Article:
President Mbeki takes issue of illicit financial flows on a U.S. roadshow

February 24th, 2016

What if every time you donated a dollar to help an impoverished community, two dollars left the very same place?

Alarmingly, this isn’t far from the reality of the world economy.

According to a report led by former South African President Thabo Mbeki on behalf of the UN Economic Commission of Africa (UNECA) High Level Panel on Illicit Financial Flows from Africa, nearly $60 billion flows out of the African continent through questionable, illicit means every year. This is twice the amount of money flowing in as aid annually. Often, money leaving developing countries illicitly ends up right back in banks in Europe and the U.S.

The Mbeki Report touches on this very issue:

It is somewhat contradictory for developed countries to continue to provide technical assistance and development aid (though at lower levels) to Africa while at the same time maintaining tax rules that enable the bleeding of the continent’s resources through illicit financial outflows.

Since the initial release of the report in January 2015—after virtually unanimous endorsement among African Union (AU) states at the AU Summit in Addis Ababa, Ethiopia—the issue of illicit financial flows (IFFs) has leapt onto the world stage. The Mbeki Report revealed, in explicit terms, the magnitude of money Africa is losing every year to IFFs, while examining the correlated issues that contribute to this problem, such as taxation, corruption, function of the corporate sector, and recovery of stolen assets.

mbeki report image

Because the report was made accessible to anyone and everyone, citizens across countries in Africa were made aware of the toll IFFs are taking on their economies, which is a testament to the importance of transparency at all levels as a successful tool for change. Quite impressively, in the last year, citizens from various African countries have come together on this issue.

Perhaps the biggest popular mobilization campaign, which launched last year in Nairobi, is the Stop the Bleeding campaign, formed by five African NGOs, including FTC member Tax Justice Network – Africa. It aims to “broaden the conversation on illicit financial flows beyond specialized circles [by] mobilizing ordinary people and grassroots social movements who are most affected by the problem.”

As decidedly important as inter-African support and cooperation may be, it is not nearly enough to solve the problem; international cooperation is imperative to enact change.

This is why President Mbeki recently visited the United States as a segment of his broader global advocacy tour. Visiting Washington, D.C. and New York City, he met with various groups, including officials from the U.S. government, the IMF, World Bank and the International Diplomatic Corps. He also delivered a speech to the Economic and Social Council (ECOSOC) of the United Nations and consulted civil society organizations.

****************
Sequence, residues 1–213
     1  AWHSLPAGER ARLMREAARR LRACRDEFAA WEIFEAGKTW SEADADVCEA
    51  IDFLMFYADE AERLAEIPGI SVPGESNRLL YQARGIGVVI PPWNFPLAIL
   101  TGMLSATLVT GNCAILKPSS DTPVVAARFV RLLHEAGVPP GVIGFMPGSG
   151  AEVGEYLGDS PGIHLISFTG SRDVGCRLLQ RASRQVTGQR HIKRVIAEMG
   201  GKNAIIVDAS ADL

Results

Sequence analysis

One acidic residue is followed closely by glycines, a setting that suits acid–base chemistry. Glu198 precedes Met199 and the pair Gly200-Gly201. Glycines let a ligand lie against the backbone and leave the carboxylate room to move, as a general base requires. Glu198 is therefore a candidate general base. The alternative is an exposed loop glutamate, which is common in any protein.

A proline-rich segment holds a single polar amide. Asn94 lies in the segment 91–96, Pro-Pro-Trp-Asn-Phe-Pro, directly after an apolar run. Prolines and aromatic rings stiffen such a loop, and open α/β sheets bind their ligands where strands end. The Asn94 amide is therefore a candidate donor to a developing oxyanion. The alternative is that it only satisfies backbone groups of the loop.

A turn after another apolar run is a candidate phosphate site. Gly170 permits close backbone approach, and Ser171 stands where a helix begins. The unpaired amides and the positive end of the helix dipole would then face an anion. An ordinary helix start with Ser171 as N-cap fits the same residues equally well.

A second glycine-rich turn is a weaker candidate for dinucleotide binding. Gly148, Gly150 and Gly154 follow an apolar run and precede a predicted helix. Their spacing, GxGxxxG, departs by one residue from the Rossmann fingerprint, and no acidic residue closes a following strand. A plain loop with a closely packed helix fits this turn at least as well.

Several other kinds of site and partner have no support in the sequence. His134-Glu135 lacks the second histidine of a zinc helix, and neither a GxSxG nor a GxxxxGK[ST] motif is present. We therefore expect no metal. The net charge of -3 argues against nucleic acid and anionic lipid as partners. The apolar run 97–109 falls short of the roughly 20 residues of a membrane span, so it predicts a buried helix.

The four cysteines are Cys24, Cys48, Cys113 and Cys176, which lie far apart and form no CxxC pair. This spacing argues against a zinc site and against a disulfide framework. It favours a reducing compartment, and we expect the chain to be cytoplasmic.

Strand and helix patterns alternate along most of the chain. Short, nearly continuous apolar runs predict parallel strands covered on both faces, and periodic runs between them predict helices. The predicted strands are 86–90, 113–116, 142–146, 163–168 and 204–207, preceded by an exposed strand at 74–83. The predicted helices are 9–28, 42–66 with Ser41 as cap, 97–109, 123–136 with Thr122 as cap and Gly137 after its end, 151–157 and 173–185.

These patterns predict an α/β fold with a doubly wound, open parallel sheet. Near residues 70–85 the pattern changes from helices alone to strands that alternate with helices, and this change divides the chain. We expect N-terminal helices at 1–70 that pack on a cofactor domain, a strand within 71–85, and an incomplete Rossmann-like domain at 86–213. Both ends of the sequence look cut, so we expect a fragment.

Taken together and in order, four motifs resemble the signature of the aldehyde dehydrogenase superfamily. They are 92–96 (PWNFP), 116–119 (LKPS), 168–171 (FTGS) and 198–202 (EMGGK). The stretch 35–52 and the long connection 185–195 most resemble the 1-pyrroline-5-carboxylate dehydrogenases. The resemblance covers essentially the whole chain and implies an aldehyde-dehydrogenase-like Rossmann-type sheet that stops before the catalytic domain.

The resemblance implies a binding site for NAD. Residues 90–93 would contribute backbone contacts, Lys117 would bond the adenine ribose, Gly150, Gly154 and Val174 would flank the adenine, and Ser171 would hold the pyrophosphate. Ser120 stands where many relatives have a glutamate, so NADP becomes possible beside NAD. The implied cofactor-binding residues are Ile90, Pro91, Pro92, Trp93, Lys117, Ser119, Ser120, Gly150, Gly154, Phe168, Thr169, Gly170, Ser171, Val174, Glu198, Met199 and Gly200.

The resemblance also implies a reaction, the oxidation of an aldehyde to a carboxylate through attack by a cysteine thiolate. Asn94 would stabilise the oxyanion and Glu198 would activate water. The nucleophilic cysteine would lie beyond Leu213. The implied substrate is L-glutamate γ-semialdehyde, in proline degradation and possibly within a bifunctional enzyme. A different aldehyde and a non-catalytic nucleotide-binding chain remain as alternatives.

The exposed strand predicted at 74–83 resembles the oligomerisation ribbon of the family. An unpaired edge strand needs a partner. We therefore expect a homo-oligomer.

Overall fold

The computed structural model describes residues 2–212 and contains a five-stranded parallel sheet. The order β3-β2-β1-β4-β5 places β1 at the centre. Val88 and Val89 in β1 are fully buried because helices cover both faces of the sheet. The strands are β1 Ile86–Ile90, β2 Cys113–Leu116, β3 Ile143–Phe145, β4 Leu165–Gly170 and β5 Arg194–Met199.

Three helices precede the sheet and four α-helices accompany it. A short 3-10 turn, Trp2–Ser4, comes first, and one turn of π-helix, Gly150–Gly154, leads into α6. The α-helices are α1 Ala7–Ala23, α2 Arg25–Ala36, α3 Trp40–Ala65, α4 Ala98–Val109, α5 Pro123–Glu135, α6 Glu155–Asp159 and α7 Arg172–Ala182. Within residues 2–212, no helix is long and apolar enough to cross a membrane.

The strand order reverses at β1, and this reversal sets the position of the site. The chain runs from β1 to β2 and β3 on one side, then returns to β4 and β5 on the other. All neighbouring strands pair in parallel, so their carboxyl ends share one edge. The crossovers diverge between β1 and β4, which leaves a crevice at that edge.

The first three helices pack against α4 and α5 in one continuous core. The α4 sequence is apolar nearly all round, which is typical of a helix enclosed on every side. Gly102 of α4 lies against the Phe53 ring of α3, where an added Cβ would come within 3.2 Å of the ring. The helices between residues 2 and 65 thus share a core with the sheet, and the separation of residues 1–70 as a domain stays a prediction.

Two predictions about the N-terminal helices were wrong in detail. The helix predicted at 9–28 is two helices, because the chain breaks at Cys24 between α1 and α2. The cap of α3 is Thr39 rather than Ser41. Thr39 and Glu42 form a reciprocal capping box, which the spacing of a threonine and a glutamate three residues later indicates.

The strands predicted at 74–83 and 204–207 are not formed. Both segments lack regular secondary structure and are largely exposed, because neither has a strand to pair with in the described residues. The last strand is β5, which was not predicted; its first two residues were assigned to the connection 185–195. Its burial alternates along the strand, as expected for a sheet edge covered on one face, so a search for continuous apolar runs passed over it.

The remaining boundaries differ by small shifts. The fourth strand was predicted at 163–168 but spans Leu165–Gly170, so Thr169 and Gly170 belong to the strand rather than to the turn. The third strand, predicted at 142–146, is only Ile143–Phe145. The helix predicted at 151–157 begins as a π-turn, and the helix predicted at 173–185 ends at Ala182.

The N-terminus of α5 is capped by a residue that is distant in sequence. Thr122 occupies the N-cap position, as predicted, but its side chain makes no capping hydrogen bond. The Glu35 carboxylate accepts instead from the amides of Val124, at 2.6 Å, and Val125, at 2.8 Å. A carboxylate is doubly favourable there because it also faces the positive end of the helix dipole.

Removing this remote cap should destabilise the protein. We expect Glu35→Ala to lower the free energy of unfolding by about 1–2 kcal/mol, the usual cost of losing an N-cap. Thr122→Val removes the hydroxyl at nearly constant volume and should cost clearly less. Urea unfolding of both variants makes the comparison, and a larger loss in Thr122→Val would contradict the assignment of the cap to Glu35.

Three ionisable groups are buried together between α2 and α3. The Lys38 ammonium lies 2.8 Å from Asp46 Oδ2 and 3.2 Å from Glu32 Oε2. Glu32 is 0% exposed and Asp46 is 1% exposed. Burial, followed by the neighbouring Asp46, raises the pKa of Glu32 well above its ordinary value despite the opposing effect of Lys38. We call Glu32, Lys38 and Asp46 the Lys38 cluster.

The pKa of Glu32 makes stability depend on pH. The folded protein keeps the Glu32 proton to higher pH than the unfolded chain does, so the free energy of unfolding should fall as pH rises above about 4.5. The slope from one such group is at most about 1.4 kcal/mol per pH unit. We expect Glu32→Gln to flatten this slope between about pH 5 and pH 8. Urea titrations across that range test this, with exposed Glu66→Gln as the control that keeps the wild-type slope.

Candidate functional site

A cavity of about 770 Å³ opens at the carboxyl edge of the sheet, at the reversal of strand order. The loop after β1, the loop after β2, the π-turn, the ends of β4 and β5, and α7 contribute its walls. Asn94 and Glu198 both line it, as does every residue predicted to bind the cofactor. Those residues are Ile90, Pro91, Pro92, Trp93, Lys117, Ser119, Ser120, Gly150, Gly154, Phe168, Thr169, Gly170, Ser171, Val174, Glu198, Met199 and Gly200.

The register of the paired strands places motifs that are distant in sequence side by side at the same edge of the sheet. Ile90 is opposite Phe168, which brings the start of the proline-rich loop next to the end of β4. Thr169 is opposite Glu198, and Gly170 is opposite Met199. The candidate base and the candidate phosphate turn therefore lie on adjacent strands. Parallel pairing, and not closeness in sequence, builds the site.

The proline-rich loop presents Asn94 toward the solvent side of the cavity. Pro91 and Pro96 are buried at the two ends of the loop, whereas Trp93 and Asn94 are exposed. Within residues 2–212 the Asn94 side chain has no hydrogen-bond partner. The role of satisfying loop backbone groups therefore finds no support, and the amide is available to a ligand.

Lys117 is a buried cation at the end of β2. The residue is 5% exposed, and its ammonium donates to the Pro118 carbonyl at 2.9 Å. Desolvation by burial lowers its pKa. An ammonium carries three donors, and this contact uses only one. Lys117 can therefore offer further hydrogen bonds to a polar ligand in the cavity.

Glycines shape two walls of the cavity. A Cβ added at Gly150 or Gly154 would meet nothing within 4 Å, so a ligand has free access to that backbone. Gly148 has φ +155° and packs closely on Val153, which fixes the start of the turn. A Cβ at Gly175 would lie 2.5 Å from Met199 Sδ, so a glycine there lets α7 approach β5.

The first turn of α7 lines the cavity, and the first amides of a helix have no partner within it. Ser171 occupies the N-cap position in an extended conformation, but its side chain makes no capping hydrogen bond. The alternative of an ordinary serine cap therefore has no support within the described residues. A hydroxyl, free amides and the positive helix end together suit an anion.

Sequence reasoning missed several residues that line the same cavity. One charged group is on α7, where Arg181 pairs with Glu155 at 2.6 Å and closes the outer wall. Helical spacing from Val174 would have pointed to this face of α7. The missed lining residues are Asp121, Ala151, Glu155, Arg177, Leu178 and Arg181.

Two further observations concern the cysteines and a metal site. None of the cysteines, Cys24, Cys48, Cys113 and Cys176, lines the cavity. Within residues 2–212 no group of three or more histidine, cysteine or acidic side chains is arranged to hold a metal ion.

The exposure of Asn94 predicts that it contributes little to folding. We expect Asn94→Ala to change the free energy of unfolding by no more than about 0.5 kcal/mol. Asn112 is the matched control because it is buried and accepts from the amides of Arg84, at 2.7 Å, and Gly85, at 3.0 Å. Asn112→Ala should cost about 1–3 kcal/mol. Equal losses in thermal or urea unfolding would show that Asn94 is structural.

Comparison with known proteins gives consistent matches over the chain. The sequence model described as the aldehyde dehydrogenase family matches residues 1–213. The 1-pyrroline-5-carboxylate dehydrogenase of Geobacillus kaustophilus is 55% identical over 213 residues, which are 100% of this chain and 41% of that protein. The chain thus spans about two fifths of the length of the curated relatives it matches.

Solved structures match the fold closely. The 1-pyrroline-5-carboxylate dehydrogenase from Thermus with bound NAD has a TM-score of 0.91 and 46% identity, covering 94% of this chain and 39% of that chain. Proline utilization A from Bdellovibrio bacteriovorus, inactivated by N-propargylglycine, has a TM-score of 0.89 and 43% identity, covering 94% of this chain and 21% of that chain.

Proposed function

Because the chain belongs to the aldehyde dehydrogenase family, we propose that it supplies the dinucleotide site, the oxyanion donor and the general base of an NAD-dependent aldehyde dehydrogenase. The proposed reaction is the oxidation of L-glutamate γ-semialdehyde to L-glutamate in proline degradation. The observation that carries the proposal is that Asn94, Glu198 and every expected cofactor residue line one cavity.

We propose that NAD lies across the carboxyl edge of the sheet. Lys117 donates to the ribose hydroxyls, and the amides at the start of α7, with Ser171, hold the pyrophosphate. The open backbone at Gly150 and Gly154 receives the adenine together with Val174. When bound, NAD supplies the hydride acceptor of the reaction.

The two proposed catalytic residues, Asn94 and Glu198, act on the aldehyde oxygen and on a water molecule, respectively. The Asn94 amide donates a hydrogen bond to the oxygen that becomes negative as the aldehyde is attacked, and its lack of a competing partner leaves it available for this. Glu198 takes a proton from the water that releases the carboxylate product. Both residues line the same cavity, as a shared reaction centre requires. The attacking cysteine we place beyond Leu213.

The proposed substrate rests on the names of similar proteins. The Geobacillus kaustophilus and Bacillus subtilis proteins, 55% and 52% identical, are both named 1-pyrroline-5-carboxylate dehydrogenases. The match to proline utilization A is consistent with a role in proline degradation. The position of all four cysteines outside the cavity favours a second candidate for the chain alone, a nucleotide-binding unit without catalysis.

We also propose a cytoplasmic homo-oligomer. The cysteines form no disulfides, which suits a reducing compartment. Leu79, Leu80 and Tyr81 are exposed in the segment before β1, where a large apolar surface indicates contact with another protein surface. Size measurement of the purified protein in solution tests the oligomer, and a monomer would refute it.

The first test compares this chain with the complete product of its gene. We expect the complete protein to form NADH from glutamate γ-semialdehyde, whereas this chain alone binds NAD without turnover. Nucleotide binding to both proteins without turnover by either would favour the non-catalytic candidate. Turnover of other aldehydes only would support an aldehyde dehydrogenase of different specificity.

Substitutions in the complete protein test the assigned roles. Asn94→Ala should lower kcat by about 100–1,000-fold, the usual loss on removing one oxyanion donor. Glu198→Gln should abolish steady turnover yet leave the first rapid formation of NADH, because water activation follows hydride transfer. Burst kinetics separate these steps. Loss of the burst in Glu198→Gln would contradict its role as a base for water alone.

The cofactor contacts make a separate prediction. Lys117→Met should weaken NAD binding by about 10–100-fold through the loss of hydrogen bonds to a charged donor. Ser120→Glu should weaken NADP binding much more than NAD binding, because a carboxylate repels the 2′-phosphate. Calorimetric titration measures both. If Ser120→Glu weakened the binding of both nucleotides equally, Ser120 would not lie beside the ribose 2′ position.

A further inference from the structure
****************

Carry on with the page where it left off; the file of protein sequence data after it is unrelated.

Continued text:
You can watch some highlights from his trip here, via the South African Broadcasting Corporation:

Mbeki has emphasized that there is a clear, although by no means simple, set of solutions to the issue of IFFs from Africa. What is necessary is:

  1. A competent infrastructure on the African continent that will be effective at combating capital flight, for example, an automatic exchange of tax information between AU countries. According to a Wall Street Journal article, “in some countries, regulation is too decentralized—Nigeria alone has 12 agencies with some responsibility for stemming illicit flows— offering wide regulatory and enforcement cracks for those who want to exploit them…There should be an automatic exchange of tax information among African countries.” However, the key to implementing such an infrastructure is…
  1. Increased cooperation between the AU and developed countries, as well as between the AU and developing countries outside of Africa. Our coordinating committee member Eurodad addressed various solutions to the issue in a blog post published shortly after the release of the original report. It addressed how more balanced tax treaties between developed and developing countries are necessary in order to repair the disconnect that exists between the two groups.

The report calls for, “common but differentiated responsibilities’ for developing countries (p46) such as a transitional period toward reciprocal Automatic Exchange of Information, during which they receive information automatically even though they are not able to send any information back.” Developing countries need room to grow and progress to the level where they are able to present that type of information on the global stage, and they should not be excluded from the conversation because they do not have the facilities to report immediately.

More steps need to be taken to create transparency from an African perspective, rather than what works best for OECD countries.

Africa needs all the resources it can corral to work towards lasting progress, and IFFs create a serious obstacle in achieving sustainable development. As President Mbeki has said, the only way IFFs will come to an end is when “all of us act in concert.” President Mbeki is set to follow up his American tour by continuing his advocacy work in Europe, where he will “undertake further consultations with the European Union (EU), the Organization for Economic Co-operation and Development (OECD) and members of the British government among others.”

If the global community has a genuine interest in working with developing countries to create sustainable development, our first priority should be changing the policies that tolerate illicit financial flows.

Written by Priya Amruthkumar

Priya is the FTC's Spring 2016 Intern.

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